Google’s linking policy in its Terms of Service says:
Buying or selling links that pass PageRank. This includes exchanging money for links, or posts that contain links; exchanging goods or services for links; or sending someone a “free” product in exchange for them writing about it and including a link.
Imagine you own a fashion, music or travel news site – part of your job is to attend fashion or music events or sample tourist products.
The people owning these products are eager for you to expose them to your audience and you get invited to experience these products. This is something that has happened in the ‘traditional’ media space for years. Business invites reporters to be open and honest about their product. For the reporters this is a double benefit – he/she gets to mingle with the rich and famous experience the high life whilst also being paid to write about it.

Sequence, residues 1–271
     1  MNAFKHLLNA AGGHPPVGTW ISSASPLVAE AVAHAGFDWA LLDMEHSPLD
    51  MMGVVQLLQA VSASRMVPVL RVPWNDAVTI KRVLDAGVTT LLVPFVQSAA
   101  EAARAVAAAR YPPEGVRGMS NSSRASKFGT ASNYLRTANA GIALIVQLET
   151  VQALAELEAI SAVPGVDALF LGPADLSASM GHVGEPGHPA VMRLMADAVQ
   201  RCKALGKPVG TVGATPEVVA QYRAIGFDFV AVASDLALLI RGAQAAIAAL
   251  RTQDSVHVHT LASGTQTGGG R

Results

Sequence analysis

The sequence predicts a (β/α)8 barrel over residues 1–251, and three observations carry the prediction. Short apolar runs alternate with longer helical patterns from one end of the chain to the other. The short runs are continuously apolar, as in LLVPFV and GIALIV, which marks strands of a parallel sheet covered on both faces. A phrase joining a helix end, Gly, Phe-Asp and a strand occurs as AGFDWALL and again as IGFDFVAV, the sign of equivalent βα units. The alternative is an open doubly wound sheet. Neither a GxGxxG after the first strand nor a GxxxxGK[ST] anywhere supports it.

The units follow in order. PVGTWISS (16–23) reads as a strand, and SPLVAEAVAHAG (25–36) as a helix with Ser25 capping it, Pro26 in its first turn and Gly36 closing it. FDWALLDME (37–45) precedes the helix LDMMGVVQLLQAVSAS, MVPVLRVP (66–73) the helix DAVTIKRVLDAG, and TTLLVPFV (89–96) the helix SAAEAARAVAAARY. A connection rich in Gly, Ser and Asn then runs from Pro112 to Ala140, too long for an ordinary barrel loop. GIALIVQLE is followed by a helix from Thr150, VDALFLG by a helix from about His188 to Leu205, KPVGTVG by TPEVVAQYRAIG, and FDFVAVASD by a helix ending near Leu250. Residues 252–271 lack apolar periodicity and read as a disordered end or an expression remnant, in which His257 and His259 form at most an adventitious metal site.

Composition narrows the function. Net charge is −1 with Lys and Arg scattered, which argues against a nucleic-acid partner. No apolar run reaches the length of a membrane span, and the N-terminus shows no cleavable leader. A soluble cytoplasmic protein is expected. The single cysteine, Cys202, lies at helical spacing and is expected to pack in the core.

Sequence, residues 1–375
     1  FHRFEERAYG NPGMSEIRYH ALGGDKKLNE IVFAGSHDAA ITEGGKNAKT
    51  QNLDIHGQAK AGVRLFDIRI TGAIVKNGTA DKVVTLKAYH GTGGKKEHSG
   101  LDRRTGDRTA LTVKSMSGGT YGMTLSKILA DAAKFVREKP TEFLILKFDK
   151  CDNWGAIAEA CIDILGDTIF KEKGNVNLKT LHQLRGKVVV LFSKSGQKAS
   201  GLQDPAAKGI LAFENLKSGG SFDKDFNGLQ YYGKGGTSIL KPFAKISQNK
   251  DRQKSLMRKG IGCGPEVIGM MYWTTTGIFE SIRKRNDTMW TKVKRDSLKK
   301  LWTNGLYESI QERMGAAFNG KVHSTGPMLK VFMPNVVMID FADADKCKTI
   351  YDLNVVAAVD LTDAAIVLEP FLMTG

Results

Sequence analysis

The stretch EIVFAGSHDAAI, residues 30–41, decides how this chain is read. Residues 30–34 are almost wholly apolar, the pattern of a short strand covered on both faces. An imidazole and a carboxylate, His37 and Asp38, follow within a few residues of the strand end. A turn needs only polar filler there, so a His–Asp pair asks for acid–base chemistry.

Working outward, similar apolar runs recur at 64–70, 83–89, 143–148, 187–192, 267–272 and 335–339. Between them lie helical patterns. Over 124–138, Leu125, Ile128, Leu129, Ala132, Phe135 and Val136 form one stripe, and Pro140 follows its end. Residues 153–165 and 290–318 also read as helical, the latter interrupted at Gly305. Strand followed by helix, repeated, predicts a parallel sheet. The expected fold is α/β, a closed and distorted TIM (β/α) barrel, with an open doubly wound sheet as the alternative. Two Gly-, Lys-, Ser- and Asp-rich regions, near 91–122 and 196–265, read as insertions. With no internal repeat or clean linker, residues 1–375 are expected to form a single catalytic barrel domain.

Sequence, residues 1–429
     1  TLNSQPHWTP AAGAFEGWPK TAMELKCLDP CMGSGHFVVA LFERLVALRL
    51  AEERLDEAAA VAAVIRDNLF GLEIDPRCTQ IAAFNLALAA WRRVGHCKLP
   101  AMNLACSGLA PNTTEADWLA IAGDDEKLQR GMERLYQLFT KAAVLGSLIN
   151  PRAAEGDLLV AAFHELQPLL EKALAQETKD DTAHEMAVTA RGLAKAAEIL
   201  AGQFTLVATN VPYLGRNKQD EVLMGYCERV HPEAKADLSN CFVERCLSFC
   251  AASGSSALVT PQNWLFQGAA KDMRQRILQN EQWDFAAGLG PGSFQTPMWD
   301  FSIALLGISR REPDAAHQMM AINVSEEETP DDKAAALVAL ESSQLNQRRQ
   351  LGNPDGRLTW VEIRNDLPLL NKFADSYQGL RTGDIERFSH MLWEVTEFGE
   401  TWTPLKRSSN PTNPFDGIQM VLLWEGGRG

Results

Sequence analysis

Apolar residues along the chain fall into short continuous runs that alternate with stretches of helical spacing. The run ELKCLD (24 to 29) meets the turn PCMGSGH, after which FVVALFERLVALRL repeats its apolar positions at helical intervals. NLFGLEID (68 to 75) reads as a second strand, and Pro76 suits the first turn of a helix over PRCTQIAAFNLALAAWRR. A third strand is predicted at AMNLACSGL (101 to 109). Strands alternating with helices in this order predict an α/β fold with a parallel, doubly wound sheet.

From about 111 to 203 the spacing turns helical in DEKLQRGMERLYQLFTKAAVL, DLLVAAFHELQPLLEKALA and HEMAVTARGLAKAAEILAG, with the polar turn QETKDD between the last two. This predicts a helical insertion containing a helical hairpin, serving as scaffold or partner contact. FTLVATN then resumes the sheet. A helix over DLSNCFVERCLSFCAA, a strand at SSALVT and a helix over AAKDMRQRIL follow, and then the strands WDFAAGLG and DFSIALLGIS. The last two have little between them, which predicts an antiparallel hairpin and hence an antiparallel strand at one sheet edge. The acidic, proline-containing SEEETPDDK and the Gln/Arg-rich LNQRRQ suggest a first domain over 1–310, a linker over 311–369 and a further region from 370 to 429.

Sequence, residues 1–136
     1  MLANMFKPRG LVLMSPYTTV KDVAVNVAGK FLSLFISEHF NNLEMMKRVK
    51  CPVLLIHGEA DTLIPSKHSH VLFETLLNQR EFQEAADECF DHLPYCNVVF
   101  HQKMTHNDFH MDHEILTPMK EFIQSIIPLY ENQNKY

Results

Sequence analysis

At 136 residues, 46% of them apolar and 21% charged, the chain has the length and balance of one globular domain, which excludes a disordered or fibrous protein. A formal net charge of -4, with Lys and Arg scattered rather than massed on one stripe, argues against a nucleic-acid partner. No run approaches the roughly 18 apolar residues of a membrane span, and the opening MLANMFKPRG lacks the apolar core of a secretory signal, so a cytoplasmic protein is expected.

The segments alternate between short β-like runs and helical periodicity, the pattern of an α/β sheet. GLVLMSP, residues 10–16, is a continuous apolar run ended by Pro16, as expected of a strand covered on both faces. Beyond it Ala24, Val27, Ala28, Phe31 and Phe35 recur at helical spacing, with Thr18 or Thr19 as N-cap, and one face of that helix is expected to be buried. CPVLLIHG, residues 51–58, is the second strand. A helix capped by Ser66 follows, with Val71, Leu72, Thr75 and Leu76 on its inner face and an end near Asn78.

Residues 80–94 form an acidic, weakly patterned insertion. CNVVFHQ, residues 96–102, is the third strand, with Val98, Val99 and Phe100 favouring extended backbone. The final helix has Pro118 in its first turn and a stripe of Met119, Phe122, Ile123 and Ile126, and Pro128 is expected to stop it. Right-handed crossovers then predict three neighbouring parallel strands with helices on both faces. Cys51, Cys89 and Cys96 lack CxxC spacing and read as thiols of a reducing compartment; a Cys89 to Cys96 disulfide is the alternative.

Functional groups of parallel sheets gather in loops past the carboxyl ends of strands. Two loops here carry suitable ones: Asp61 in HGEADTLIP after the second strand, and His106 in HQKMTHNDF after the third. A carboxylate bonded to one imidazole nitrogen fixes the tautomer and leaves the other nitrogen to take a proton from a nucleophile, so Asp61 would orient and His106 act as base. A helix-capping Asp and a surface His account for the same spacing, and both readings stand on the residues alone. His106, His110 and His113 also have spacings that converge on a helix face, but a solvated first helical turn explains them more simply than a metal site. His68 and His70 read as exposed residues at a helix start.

Now – I have a theory, people are not dumb and will realise when someone writes about something in an insincere way. Eventually that writer and publication will lose his audience as they seek out the ‘truth’ rather than the ‘fluff’. This is natural and happens almost on an unconscious level.
BUT, this is where Google’s linking Terms of Service is headed for a clash with the real world as we still get reporters eager to share links to products that they recommend and, technically, they will be in violation of Google’s Terms of Service as I can bet you that the reporter did receive some form of “free” product, lunch or bottle of water as a thank you for attending a presentation.
Does this mean that every writer, reporter and blogger now needs to publish a legal document stating that they did not receive any “free” items and paid for their own tea / coffee / biscuits?
Does this mean that every article written about any business, fashion, music or tourism product will violate Google’s Terms of Service?
Is it okay, nay recommended, to link to an internal page about the company that you write about?
Frightening stuff when a ToS is so broad!